Lula, a twenty-six-year-old Albanian woman living surreptitiously in New York City on an expiring tourist visa, hopes to make a better life for herself in America. When she lands a job as caretaker to Zeke, a rebellious high school senior in suburban New Jersey, it seems that the security, comfort, and happiness of the American dream may finally be within reach. Her new boss, Mister Stanley, an idealistic college professor turned Wall Street executive, assumes that Lula is a destitute refugee of the Balkan wars. He enlists his childhood friend Don Settebello, a hotshot lawyer who prides himself on defending political underdogs, to straighten out Lula's legal situation. In true American fashion, everyone gets what he wants and feels good about it.
But things take a more sinister turn when Lula's Albanian "brothers" show up in a brand-new black Lexus SUV. Hoodie, Leather Jacket, and the Cute One remind her that all Albanians are family, but what they ask of her is no small favor. Lula's new American life suddenly becomes more complicated as she struggles to find her footing as a stranger in a strange new land. Is it possible that her new American life is not so different from her old Albanian one?
Set in the aftermath of 9/11, My New American Life offers a vivid, darkly humorous, bitingly real portrait of a particular moment in history, when a nation's dreams and ideals gave way to a culture of cynicism, lies, and fear. Beneath its high comic surface, the novel is a more serious consideration of immigration, of what it was like to live through the Bush-Cheney years, and of what it means to be an American.
When I finished reading the synopsis, all I could think was "...huh..." and I requested the book, but for the life of me, could not decide what kind of book would be showing up on my doorstep. Luckily, what showed up was a really amazing book.
I don't know about you, but the synopsis confused me, and in the same sense, it is hard to describe what "kind" of book this is. What I can tell you is that the writing is, without a doubt, superb. The characters are beautifully constructed. You will fall in love with the main character by the end of the first paragraph. You will think you know what is going on in the book, and then all of sudden you will get slapped in the face and you will love the shake-up. You will like this book.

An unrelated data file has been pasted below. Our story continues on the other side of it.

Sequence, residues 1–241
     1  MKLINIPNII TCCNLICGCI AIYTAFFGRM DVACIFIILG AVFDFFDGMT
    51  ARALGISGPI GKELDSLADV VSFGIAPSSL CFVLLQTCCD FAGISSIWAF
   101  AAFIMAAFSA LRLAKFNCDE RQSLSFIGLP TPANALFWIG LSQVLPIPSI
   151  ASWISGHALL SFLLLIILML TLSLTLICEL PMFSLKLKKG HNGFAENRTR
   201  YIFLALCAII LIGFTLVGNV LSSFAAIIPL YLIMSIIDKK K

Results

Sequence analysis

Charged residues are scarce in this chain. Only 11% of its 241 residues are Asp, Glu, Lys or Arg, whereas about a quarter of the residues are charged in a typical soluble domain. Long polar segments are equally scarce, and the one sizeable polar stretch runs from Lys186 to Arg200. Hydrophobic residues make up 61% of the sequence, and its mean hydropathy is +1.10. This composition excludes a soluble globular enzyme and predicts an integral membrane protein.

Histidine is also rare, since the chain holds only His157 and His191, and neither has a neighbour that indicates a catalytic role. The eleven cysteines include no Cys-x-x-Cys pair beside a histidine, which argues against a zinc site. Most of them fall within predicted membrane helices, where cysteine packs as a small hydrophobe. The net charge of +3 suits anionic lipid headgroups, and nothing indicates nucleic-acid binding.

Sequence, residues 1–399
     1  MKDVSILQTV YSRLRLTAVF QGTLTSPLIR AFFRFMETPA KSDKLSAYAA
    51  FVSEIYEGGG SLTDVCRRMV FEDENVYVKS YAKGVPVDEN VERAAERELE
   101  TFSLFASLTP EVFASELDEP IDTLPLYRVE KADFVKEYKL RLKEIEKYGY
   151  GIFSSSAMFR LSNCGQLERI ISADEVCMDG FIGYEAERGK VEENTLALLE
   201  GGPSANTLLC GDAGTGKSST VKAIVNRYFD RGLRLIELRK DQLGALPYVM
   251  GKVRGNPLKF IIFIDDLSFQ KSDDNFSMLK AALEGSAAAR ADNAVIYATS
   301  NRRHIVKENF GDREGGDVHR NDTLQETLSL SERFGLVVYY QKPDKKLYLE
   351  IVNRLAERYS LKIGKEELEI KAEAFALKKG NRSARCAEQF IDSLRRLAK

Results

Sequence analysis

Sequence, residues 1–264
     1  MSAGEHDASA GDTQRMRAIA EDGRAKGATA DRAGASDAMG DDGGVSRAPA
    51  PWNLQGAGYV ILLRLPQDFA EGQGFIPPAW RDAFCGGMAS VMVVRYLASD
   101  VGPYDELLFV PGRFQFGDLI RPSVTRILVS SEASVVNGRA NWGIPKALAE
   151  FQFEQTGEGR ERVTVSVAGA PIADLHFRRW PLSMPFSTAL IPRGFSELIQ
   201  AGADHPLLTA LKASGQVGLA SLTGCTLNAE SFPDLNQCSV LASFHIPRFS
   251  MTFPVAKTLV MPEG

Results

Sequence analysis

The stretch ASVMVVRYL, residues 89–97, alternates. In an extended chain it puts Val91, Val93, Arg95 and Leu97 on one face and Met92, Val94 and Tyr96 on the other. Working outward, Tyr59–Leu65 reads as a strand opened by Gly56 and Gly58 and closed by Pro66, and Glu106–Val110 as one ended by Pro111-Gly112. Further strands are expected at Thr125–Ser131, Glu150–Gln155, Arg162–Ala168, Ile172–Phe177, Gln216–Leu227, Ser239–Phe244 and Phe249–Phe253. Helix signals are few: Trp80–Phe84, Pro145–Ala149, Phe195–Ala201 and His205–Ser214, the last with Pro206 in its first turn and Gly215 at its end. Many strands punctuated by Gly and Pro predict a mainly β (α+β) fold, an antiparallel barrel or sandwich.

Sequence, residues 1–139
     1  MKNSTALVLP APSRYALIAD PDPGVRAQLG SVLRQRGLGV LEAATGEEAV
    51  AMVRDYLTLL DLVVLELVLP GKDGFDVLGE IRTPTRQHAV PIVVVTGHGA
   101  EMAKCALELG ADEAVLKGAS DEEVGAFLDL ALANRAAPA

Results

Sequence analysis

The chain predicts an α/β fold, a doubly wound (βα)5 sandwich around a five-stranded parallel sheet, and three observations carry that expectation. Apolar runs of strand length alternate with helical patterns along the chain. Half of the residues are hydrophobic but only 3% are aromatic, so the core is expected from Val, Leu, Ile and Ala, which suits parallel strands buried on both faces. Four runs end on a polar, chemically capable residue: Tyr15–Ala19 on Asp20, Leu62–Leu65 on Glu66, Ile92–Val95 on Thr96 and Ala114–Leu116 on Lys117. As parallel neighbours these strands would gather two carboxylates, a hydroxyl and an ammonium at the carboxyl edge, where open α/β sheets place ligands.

Perhaps my favorite thing about the book is the darling eccentricity of the main character, Lula. Her stories about Communist Albania are sometimes true and sometimes complete fabrication. People tend to be more likely to believe the fabrications. She is a wonderful, lying, pessimistic, paranoid person who is also, somehow, pure of heart and the person you find yourself rooting for, no matter what.
After finishing the book, I read part of a review by Michael Dirda of The New York Times Review of Books that stated "With the possible exception of Joyce Carol Oates, there is no busier or more prolific woman of letters in twenty-first-century America than Francine Prose." I felt a little lame for never having heard of her before this after reading that description, but I am a little less connected to the literary world than I have been at other times in my life, so I am going to cut myself a break and do a little catch-up. In the past, I have read books and then said I was going to go out and read everything else by that particular author. Many times, this does not come to fruition, or does not happen for many years. In this case, I have already requested some of her fiction and non-fiction from my library (Goldengrove, A Changed Man, The Lives of the Muses: Nine Women & the Artists They Inspired, and Blue Angel).
This book is like nothing I've read, and was truly fun to read. It was even one of those books where the last line of the book makes you smile and read it over and over again. I promise you won't be disappointed if you check out Francine Prose.
If you'd like to see what other bloggers on the tour had to say about this book, you can click HERE for the main schedule of reviews.
I was given a copy of this book by TLC Book Tours, but was not compensated in any way for this review. All opinions expressed are entirely my own.